Warren and Cummings Call on Fed to Require Board of Governors to Approve Major Enforcement Actions
Washington, DC (Feb. 12, 2014)— Senator Elizabeth Warren, Member of the Senate Committee on Banking, Housing and Urban Affairs, and Rep. Elijah E. Cummings, Ranking Member of the House Committee on Oversight and Government Reform, sent a letter yesterday to Federal Reserve Chair Janet Yellen requesting that she revise the rules governing how and when the Board of Governors may delegate critical supervisory and enforcement responsibilities to Board staff.
“We respectfully request that the Fed revisit its existing delegation rules and require that the Board retain greater authority over the Fed’s enforcement and supervisory activities in the future,” Warren and Cummings wrote. “It is our recommendation that, at a minimum, a formal vote of the Board be required before the Fed can enter into consent orders that equal or exceed $1 million or that include a requirement that a bank officer be removed and/or new management installed.”
Board Members rarely vote on the Fed’s supervisory and enforcement decisions. Under current rules, consent orders are routinely entered into by staff without ever receiving a vote of the Board.
Last year, for example, the Fed staff entered into amended consent orders with 13 mortgage servicers accused of illegal foreclosure practices—one of the largest and most significant enforcement actions in the Fed’s history—but Board Members did not formally review or approve the settlement. These consent orders came under significant criticism because their methodology allows mortgage servicers to receive $5.7 billion in “credits” based on unpaid loan balances rather than the actual amount of relief provided to consumers.
“We have learned the hard way that the task of monetary policymaking is made significantly more difficult when prudential regulators fail to ensure the safety and soundness of all facets of the banking system,” Warren and Cummings wrote. “We believe that increasing the Board’s direct role in overseeing enforcement and supervision would strengthen the Fed’s efforts to reduce systemic risk in our financial system.”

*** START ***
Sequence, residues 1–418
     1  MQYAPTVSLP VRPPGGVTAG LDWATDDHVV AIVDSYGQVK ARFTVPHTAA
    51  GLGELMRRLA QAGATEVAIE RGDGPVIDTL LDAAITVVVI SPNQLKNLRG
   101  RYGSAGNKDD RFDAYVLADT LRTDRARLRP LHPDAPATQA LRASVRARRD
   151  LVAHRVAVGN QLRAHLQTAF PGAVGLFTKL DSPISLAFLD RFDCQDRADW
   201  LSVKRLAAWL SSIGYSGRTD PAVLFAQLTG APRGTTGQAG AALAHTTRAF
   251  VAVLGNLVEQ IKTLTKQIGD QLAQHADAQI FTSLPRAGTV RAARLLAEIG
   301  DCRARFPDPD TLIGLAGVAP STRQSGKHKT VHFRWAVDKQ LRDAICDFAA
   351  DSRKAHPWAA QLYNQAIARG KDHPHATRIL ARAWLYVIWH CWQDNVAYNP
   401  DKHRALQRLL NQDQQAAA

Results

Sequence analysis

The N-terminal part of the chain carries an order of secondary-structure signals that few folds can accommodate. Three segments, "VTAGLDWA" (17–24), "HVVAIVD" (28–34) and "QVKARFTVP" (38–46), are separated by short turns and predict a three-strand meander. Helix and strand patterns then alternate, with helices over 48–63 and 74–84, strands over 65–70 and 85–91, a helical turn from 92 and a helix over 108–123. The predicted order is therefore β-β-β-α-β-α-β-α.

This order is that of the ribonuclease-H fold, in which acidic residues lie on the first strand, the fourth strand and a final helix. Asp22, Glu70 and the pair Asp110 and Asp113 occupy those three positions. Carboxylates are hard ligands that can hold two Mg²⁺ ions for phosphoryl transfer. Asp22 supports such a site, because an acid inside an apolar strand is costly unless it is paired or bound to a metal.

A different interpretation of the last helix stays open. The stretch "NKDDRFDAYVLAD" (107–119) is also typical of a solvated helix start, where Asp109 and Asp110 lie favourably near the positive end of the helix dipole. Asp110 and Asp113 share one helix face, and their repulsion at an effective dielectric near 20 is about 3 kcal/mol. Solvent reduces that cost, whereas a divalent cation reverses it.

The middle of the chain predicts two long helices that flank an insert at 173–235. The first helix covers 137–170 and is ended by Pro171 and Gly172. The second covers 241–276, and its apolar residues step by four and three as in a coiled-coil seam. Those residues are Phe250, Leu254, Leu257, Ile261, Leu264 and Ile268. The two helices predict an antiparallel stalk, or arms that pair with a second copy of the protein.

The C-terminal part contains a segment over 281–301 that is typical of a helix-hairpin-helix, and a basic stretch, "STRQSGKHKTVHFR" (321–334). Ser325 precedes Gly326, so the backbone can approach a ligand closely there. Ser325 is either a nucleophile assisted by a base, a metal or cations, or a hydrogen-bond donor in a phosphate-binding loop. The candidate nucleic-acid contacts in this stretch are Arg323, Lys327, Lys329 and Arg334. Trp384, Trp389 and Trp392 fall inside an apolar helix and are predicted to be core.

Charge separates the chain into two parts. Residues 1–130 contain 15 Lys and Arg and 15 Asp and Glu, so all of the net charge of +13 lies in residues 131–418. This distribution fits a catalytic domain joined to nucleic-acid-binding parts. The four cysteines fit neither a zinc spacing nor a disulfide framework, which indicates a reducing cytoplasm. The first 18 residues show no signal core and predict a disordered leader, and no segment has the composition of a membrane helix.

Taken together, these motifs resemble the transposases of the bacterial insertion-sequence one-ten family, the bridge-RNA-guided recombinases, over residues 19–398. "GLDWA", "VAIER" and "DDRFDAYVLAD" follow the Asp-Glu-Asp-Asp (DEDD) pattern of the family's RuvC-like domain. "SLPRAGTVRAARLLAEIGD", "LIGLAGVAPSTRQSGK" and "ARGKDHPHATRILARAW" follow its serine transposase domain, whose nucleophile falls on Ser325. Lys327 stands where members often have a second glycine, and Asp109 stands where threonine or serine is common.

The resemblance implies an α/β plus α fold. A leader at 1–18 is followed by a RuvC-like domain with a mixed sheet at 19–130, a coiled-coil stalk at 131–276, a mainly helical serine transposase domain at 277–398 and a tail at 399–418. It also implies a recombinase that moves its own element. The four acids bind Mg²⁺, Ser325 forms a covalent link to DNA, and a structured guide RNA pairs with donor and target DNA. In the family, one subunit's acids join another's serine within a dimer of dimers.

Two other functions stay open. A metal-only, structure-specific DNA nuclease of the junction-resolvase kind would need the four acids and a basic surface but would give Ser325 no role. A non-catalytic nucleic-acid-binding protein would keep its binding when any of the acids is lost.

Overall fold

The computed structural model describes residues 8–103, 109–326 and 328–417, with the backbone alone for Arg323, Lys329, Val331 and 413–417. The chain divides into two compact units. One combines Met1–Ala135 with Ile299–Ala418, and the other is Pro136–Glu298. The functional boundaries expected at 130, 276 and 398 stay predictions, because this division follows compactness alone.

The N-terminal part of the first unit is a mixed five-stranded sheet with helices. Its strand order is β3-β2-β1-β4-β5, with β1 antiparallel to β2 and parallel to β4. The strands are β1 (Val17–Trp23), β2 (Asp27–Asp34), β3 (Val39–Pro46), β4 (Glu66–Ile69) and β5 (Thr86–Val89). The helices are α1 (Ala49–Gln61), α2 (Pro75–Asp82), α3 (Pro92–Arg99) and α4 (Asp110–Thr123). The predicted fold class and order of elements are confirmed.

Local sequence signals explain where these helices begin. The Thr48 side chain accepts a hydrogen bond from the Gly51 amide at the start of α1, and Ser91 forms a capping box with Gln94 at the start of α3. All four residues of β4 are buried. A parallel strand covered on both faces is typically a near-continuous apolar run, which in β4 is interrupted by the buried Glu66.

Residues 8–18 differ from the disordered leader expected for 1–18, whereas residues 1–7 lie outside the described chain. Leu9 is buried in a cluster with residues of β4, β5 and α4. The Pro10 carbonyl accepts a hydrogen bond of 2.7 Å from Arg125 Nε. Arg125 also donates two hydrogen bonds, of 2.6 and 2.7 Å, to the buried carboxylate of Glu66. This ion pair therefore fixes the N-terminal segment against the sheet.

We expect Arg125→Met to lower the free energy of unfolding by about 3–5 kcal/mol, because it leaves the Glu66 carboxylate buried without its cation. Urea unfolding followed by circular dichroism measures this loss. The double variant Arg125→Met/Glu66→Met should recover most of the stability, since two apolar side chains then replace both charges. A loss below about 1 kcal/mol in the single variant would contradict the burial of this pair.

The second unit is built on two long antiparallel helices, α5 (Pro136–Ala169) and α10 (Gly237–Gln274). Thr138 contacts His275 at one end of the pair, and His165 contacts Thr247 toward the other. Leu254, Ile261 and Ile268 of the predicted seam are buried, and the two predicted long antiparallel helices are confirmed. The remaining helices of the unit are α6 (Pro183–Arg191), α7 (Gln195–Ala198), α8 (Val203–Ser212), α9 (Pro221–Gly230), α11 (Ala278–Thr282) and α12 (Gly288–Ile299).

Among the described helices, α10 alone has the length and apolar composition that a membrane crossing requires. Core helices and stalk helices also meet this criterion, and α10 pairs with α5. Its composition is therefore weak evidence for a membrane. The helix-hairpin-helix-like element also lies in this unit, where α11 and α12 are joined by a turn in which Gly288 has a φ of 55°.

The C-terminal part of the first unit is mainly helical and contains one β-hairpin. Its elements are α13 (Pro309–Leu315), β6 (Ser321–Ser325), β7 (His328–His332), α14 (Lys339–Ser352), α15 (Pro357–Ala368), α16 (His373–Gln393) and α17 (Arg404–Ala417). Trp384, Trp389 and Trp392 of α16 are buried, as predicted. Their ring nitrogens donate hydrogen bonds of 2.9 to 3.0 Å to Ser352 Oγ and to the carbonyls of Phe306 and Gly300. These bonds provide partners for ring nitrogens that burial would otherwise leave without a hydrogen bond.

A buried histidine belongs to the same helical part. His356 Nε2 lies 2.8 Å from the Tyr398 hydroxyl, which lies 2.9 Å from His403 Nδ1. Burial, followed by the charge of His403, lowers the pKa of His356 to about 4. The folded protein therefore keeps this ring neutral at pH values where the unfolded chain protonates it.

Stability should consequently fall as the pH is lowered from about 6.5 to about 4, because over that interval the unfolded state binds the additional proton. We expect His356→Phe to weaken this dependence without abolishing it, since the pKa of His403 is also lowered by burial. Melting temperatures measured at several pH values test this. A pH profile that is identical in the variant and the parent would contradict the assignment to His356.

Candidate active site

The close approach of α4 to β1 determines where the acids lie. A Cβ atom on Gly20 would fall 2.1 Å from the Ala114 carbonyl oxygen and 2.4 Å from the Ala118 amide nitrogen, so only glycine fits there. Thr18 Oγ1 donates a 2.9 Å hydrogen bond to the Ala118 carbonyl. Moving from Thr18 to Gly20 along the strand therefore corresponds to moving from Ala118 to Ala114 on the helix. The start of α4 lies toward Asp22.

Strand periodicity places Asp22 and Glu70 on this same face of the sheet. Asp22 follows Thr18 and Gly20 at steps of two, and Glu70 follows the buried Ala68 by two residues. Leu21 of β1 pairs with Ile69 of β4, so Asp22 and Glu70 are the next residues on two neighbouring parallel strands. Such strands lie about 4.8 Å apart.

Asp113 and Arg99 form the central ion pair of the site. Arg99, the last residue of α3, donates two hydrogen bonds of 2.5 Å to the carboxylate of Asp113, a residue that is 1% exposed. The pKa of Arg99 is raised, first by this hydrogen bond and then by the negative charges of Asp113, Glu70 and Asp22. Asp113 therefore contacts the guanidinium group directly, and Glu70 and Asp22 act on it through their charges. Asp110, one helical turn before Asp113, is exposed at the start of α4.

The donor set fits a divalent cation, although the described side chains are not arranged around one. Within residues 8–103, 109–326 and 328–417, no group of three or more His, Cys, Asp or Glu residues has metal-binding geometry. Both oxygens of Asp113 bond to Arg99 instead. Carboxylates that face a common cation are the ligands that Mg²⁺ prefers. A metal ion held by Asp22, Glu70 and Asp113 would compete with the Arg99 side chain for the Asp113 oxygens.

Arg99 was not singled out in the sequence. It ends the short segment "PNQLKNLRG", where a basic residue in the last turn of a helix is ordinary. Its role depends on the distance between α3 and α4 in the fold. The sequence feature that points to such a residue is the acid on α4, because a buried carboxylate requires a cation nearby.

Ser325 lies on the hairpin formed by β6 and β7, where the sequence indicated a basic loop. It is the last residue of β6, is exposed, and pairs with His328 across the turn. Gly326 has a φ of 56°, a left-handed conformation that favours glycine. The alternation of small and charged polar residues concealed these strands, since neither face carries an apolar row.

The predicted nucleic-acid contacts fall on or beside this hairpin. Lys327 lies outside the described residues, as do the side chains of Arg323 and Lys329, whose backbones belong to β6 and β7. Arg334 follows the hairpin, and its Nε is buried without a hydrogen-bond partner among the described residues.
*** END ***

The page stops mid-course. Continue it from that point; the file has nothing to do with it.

In addition to requiring a vote of the Board before the Fed enter into major consent orders, Warren and Cummings recommended that all Board Members:
· be notified through a formal process before staff members enter into all other consent orders;
· be provided with the designated staffing capacity necessary to review and analyze pending enforcement actions; and
· receive a copy of all letters sent to the Board Chair or a Board Member by a Committee or Member of Congress.
On September 23, 2013, Warren and Cummings sent a letter to then-Chairman Ben Bernanke requesting information and documents regarding the Federal Reserve Board’s delegation of authority to its staff to negotiate and settle enforcement matters, including last year’s agreements to end the Independent Foreclosure Review.
On December 16, 2013, Bernanke sent a response letter describing those procedures and confirming that the vast majority of enforcement matters were negotiated and executed at the staff level through delegated authority without a vote of the Fed Board.
He wrote that, “of the nearly 1,000 formal, public enforcing actions the Federal Reserve has taken over the past 10 years, all but 11 were entered into by consent,” and “[a]ll of these consent actions were approved under delegated authority,” meaning that they were not voted on by the Board of Governors.